The Lost Stories: Lords of the Red PlanetBookmark and Share

Friday, 19 September 2014 - Reviewed by Martin Ruddock

The Lost Stories: Lords of the Red Planet
Written by Brian Hayles
Adapted by John Dorney
Directed by Lisa Bowerman
Released Nov 2013 by Big Finish

Big Finish has long been the hub for Doctor Who's what-ifs and might-have beens, be it filling in enticing gaps left in the TV canon, or giving the eighth Doctor a whole new lease of life on audio. In more recent years, the remit has widened to take in stories for the first three Doctors, with surviving cast members providing narration - first with Companion Chronicles, then The Lost Stories. Lords of the Red Planet takes this idea to new levels - with its expanded cast and lovingly-crafted sound design, it expertly recaptures the late Troughton era in six pacey episodes.

Lords of the Red Planet is based on another unproduced idea by Brian Hayles, and was to be the original follow-up to The Ice Warriors. It was abandoned in favour of The Seeds of Death, quite possibly because it would have used up an entire series worth of budget trying to create three distinct reptilian species and an underground city, mines, and a rocket on Mars!

As with The Queen of Time, Hayles' original storylines have been adapted into scripts for Big Finish, this time by John Dorney, and with the cast again led by Frazer Hines and Wendy Padbury. It's an origin story, a sort of 'Genesis of the Ice Warriors' - which sees the Second Doctor, Jamie, and Zoe arriving on Mars in its distant past, only to be caught up in terrible events that see the fall of one race and the rise of another. Troubled scientist Quendril works around the clock genetically 'sculpting' an army for the cruel dictator Zaadur on pain of death for his people, and the arrival of the TARDIS crew in the subterranean city of Gandor only makes things worse....

The Ice Warriors have traditionally been a bit of a blank slate throughout their history, arguably they've barely been explored beyond The Curse of Peladon's twist of Izlyr and Ssorg being good guys. Some attempt to flesh them out was made more recently by Mark Gatiss in Cold War, but Lords of the Red Planet looks at the bigger picture, and with greater effect.

We meet the reptilian martian race that created the Ice Warriors; the aforementioned Quendril (played by Michael Troughton) as well as the prototype Ice Lord Aslor, and one of Quendril's 'failed' experiments, his assistant Risor - both played by Nick Briggs, also on Ice Warrior duty. Briggs does an excellent job of breathing (hissing?) life into two distinct characters, with the tragic Risor being reminiscent of Condo from The Brain of Morbius. His Ice Lord, Aslor (a dead ringer for Alan Bennion's Ice Lords of the 60s and 70s), bonds with Zoe, and fights against his warlike conditioning, showing great pathos.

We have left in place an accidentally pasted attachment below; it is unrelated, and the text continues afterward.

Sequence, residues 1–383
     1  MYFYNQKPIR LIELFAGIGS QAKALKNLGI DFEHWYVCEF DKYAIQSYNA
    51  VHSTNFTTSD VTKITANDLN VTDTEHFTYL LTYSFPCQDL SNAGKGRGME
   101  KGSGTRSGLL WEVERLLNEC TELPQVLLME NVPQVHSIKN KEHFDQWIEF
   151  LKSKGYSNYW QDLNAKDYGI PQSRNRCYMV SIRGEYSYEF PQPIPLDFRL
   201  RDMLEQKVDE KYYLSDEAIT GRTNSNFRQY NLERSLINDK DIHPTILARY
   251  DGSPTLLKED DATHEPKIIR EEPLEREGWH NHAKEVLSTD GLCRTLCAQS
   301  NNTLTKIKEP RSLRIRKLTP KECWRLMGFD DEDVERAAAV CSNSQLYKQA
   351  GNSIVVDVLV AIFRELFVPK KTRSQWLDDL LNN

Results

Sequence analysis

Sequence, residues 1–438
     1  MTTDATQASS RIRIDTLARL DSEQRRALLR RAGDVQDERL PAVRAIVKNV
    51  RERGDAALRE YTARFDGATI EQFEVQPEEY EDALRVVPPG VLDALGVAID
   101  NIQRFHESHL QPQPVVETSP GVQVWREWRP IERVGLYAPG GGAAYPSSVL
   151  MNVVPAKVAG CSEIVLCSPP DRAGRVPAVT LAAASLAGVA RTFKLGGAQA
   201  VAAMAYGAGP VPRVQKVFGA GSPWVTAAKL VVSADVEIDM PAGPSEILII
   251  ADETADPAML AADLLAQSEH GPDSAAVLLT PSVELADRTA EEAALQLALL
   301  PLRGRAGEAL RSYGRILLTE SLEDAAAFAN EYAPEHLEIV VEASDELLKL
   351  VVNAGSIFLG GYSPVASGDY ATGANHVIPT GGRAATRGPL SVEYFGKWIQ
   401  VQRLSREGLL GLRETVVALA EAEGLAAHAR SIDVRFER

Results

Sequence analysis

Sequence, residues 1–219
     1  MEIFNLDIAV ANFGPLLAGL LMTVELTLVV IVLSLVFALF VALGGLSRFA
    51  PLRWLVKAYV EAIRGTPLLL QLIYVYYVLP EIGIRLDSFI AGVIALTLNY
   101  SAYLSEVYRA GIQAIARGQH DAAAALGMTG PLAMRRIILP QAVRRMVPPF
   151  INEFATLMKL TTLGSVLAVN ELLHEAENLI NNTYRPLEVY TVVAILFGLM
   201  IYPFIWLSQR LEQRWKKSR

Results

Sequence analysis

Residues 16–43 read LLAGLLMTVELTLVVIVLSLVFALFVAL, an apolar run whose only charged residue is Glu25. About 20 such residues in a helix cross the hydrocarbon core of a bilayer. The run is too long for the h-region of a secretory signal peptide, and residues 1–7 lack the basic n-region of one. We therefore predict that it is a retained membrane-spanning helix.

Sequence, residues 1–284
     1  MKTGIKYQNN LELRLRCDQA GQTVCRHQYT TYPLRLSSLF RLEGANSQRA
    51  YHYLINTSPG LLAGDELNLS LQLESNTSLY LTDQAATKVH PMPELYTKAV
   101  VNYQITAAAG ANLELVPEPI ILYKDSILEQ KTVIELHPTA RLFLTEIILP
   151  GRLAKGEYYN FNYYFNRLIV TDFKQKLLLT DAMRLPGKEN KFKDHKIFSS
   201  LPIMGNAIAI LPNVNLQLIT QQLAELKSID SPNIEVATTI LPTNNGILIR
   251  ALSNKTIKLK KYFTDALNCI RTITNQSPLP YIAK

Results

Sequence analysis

Quendril, meanwhile, struggles with the consequences of his work, and is highly distressed at the pain he is forced to put his test subjects through. Michael Troughton excels here, despite the horrific nature of Quendril's work, he comes over as sympathetic, no small feat when you realise he's essentially a Davros figure.

We also get an insight into the society of a dying world dependent on daily doses of 'life drink', with the spoiled, vain, puppet Princess Veltreena, (played by Charlie Hayes, daughter of Wendy Padbury) as its figurehead. Even the villainess of the piece, Zaadur, played by Abigail Thaw, has a brief moment of sympathy, when it's revealed that she too is the product of genetic experimentation and has gone through similar agonies to Aslor and Risor. Thaw is excellent, and gives a very strong performance. Dorney's decision to change Zaadur from male to female is a masterstroke, although, as with The Queen of Time, it does remind you of the Troughton era's lack of female foes.

Hines and Padbury are great as ever, with Hines doubling up again as Jamie and the Doctor. Zoe has a meaty part, acting as Aslor's conscience, and ripping the electrodes from him as he is being agonisingly 'brain-formed' by Quendril's process. Jamie is more involved with the rough stuff, but gets a nice scene with Veltreena, who is clearly flirting with him, despite being unsure of what exactly he is. Hines is as good as ever, and sounds like he's stepped straight out of The War Games. Padbury is excellent as well, but sounds like she's struggling to get Zoe's pitch right at times.

Lastly, Hines' uncannily accurate Second Doctor is present in full effect, and is almost flawless - it's only occasional lines of over-wordy dialogue that don't ring true, but the speech patterns, tone, and attitude are all there, and it's a joy to hear. Lords of the Red Planet is a real treat, and a fine bit of world-building, classic in feel, but quite modern at the same time, with real moral dilemmas nestling alongside sonically perfect hissing Ice Warriors and rumbling tympani straight out of The Seeds of Death.

Even if Big Finish isn't your thing, Troughton fans in particular should snap this up. A triumph.

FILTER: - Big Finish - Audio - Second Doctor - 1781780978